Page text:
If Walls Could Talk: Chapala’s historic buildings and their former occupants

Now one of the most popular retirement area for Americans and Canadians, the Lake Chapala Region, nestled in a valley almost a mile high in Mexico’s Volcanic Axis,  has long been a draw for ex-pats and vacationers, lured by its almost perfect climate and beauty.

In his book If Walls Could Talk: Chapala’s historic buildings and their former occupants about Mexico‘s earliest international tourist destination (also available in Spanish), award-winning author Tony Burton shares his knowledge and interest in a region where he has spent more than two decades. Burton, a Fellow of the Royal Geographical Society who was born and educated in the United Kingdom, first visited Mexico in 1977. That visit was obviously a big success as he returned and for almost 18 years lived and worked full-time in Mexico as a writer, educator and ecotourism specialist.

He met his wife, Gwen Chan Burton who was a teacher of the deaf and then director at the Lakeside School for the Deaf in Jocotepec, one of the three main towns lining the shores of Lake Chapala. Though they now reside on Vancouver Island, British Columbia, the Burtons continue to revisit Mexico regularly and he is currently editor-in-chief of MexConnect, Mexico’s top English-language online magazine. The other two towns, each with its own distinctive vibe, are Ajijic and Chapala, native villages resettled by the Spanish Conquistadors in the 1500s. “This book looks at how Chapala, a small nondescript fishing village in Jalisco, suddenly shot to international prominence at the end of the nineteenth century as one of North America’s earliest tourist resorts,” writes Burton. “Within twenty years, Chapala, tucked up against the hills embracing the northern shore of Mexico’s largest natural lake, was attracting the cream of Mexican and foreign society. Thus began Lake Chapala’s astonishing transformation into the vibrant international community it is now, so beloved of authors, artists and retirees.”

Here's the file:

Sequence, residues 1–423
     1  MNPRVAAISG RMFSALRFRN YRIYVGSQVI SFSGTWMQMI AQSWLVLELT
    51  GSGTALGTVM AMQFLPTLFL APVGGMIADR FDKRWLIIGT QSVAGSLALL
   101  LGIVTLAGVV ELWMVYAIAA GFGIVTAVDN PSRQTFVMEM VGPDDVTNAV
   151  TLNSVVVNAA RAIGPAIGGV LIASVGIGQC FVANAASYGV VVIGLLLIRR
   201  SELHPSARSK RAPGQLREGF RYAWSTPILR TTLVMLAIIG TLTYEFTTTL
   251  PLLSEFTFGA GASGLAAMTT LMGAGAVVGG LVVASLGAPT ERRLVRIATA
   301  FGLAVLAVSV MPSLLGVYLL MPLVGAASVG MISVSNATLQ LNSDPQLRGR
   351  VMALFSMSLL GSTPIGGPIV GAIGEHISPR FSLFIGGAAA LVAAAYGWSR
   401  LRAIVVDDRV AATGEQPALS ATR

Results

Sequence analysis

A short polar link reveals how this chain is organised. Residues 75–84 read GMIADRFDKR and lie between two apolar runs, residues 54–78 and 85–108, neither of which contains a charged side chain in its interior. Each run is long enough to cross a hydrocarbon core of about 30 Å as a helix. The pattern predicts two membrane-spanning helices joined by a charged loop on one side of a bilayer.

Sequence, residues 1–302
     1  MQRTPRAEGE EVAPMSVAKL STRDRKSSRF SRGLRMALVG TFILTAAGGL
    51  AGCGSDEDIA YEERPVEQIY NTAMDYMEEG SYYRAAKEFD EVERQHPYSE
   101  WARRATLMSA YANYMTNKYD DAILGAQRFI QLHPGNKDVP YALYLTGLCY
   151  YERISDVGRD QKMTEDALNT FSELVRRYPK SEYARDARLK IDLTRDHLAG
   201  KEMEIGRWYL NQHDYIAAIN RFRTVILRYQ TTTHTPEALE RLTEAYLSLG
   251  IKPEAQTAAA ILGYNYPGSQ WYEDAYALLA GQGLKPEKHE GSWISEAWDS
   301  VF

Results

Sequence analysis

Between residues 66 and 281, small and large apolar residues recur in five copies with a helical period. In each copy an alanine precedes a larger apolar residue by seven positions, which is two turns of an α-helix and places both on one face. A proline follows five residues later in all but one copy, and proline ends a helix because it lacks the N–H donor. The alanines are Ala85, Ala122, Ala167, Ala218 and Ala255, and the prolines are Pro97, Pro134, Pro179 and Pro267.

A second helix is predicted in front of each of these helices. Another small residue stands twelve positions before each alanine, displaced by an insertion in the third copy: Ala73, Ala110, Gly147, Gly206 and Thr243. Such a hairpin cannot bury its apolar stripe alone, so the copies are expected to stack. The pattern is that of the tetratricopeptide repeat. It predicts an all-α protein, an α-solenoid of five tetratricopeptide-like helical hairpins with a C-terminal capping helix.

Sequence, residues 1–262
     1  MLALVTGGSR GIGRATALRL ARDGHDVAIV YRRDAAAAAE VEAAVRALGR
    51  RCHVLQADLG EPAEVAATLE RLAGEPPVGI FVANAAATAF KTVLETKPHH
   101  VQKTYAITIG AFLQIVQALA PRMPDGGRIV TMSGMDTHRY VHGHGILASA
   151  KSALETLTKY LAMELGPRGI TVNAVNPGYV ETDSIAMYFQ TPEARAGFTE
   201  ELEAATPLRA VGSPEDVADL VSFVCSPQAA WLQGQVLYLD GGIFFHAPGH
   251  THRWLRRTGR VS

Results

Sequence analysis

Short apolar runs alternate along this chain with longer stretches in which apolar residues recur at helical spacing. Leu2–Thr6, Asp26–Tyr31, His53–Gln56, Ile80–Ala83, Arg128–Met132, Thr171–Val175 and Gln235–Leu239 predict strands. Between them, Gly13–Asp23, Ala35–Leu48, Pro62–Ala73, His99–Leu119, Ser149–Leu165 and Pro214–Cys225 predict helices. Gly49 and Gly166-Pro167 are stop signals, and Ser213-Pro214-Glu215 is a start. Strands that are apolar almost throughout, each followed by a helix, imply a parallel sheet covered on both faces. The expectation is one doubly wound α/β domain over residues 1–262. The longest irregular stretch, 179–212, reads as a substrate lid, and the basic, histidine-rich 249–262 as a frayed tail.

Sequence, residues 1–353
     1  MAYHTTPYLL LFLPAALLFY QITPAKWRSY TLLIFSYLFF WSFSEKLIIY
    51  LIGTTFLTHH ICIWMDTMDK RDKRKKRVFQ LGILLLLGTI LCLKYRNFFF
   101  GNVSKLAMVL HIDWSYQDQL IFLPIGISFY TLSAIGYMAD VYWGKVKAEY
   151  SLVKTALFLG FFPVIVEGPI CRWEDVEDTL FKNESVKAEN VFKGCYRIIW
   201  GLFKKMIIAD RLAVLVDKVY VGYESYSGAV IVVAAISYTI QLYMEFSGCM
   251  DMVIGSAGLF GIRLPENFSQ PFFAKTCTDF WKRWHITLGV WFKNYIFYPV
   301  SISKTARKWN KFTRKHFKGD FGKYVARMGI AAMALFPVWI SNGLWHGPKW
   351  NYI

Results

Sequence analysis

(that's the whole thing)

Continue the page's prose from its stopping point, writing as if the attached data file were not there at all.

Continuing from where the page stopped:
The book, organized as a walking tour, covers not only existing buildings but also pinpoints the spots where significant early buildings no longer stand but their histories still weave a story of the town. It’s only a partial guide, explains Burton, noting that an inventory prepared by the National Institute of Anthropology and History identified more than eighty such buildings in Chapala including many not easily visible from the road but hidden behind high walls and better viewed from the lake.

Among the famous people who lived in Chapala at some point in their careers was author D.H. Lawrence, probably best remembered for his risqué (at the time) novel, Lady Chatterley’s Lover.